By Jonathan Davies
Microsoft has launched the Windows 10 operating system.
The announcement left techies and customers surprised as Microsoft leapfrogged straight from Windows 8, leaving out Windows 9.
Windows 10 will run on smartphones, tablets, laptops and the Xbox games consoles.
Its latest operating system sees the return of the traditional desktop display with the 'Start Menu'. Microsoft said it wanted the new system to be familiar to both Windows 7 and Windows 8 users.
Windows 8 saw the 'Start Menu' removed in favour of block style apps. But Windows 10 will see both the traditional list and apps integrated into one 'Start Menu'.
Windows 8 had been criticised for being too different, which led to low adoption from businesses. Early versions of the operating system had no 'Start Menu' at all, but it was later introduced in a separate Desktop mode.
Businesses usually wait around a year before introducing new operating systems, allowing IT departments to get to grips with it. But two years after Windows 8 was introduced, adoption is still low. According to market research firm NetMarketshare, just 13.4% of all desktop PCs run Windows 8.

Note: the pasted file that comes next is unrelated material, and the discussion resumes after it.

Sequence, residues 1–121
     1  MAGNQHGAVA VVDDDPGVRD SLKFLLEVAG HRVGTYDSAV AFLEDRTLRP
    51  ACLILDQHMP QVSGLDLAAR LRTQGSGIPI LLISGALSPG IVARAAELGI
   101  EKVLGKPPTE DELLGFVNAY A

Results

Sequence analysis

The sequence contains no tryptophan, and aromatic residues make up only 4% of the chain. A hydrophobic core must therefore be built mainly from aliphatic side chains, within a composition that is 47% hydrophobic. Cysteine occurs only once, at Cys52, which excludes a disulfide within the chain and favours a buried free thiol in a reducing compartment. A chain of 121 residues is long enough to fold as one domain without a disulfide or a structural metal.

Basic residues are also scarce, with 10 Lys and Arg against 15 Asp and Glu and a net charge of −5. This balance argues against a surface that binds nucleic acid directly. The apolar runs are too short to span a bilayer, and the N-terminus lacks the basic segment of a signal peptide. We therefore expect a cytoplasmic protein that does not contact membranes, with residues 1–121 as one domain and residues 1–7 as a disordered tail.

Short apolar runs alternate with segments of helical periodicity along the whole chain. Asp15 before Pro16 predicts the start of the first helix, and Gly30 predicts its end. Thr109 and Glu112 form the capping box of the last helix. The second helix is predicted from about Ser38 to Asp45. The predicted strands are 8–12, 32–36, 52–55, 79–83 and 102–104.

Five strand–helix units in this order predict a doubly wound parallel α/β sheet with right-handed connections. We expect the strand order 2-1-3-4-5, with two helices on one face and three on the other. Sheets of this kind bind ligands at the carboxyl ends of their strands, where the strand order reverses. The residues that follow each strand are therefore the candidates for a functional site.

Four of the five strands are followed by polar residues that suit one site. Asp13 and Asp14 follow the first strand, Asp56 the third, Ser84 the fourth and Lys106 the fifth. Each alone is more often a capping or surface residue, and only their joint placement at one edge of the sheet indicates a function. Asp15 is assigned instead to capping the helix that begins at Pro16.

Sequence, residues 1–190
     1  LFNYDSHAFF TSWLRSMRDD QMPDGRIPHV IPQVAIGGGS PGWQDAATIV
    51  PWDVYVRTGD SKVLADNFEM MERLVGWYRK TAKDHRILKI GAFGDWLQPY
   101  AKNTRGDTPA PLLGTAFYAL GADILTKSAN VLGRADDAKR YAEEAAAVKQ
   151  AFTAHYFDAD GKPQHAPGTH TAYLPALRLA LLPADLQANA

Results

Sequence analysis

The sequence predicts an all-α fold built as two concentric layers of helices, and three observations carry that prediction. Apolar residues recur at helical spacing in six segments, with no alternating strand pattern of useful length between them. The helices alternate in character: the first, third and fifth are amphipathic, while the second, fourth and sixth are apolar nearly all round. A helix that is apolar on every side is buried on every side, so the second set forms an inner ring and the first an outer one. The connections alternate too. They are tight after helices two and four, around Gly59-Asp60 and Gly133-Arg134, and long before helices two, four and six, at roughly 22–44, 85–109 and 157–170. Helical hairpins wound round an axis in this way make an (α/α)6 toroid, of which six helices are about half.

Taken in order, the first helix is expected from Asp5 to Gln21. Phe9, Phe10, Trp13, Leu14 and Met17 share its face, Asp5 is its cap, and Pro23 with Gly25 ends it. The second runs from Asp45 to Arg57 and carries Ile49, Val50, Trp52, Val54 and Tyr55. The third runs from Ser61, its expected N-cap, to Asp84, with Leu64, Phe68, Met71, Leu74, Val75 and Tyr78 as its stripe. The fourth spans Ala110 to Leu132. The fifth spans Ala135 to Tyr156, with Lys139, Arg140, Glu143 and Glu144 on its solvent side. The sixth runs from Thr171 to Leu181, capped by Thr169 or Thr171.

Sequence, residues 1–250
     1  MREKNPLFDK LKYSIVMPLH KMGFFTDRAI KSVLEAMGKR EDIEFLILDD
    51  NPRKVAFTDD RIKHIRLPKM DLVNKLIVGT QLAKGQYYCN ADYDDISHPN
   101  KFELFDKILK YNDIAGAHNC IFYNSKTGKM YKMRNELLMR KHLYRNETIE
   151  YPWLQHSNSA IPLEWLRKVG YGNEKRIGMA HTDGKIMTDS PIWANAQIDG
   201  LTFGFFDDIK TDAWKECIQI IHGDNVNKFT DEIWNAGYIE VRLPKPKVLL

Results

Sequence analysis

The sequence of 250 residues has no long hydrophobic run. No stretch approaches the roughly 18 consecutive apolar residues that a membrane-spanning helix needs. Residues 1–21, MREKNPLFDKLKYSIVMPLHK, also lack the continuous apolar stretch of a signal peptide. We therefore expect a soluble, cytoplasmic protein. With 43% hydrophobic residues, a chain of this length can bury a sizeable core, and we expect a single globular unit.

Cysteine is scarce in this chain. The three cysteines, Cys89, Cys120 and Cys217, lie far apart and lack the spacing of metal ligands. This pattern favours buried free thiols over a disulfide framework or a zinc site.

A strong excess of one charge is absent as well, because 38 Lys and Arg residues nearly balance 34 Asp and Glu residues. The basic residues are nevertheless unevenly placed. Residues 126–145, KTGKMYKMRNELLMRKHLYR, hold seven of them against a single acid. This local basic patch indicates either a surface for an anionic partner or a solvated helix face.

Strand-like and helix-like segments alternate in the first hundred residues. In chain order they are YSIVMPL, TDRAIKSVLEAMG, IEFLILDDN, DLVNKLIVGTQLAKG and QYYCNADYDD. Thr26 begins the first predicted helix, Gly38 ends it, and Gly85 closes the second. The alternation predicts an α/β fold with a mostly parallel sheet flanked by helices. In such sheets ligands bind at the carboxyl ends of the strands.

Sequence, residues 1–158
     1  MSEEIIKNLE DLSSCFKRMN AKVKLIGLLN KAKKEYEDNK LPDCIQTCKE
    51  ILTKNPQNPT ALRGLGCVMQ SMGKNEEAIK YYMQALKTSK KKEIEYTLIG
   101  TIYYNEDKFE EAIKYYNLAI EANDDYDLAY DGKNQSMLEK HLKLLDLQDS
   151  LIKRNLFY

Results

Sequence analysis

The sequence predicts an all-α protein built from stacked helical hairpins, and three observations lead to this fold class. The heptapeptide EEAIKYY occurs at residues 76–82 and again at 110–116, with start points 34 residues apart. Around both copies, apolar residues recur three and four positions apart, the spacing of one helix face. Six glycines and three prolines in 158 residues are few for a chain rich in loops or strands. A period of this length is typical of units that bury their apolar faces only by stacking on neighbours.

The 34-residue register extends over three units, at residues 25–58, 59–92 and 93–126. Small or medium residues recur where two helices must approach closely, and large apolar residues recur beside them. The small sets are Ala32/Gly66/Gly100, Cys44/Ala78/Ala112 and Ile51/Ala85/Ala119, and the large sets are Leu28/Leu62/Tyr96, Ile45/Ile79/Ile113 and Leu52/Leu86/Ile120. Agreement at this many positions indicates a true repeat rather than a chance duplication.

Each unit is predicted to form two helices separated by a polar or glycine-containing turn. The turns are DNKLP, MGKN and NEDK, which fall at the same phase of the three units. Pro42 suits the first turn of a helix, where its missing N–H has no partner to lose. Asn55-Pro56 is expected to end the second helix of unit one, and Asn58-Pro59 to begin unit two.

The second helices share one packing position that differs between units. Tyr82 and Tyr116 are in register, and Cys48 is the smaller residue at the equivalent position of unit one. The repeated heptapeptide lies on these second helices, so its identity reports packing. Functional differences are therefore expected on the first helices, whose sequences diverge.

David Johnson, who watches Microsoft for the consultancy Forrester, said: "It's extremely important for Microsoft to get Windows 10 right.
"Windows 8 is only being offered to employees by about one in five organisations right now. Windows 7 is still the de facto standard for enterprise in the desktop environment.
"For Microsoft to continue to be able to get the best and latest technology in the hands of the enterprise workforce all over the world, it has to have a vehicle to do that - and Windows 10 is its best shot."
Microsoft is set to offer a "technical preview" of Windows 10 to early adopters next week.
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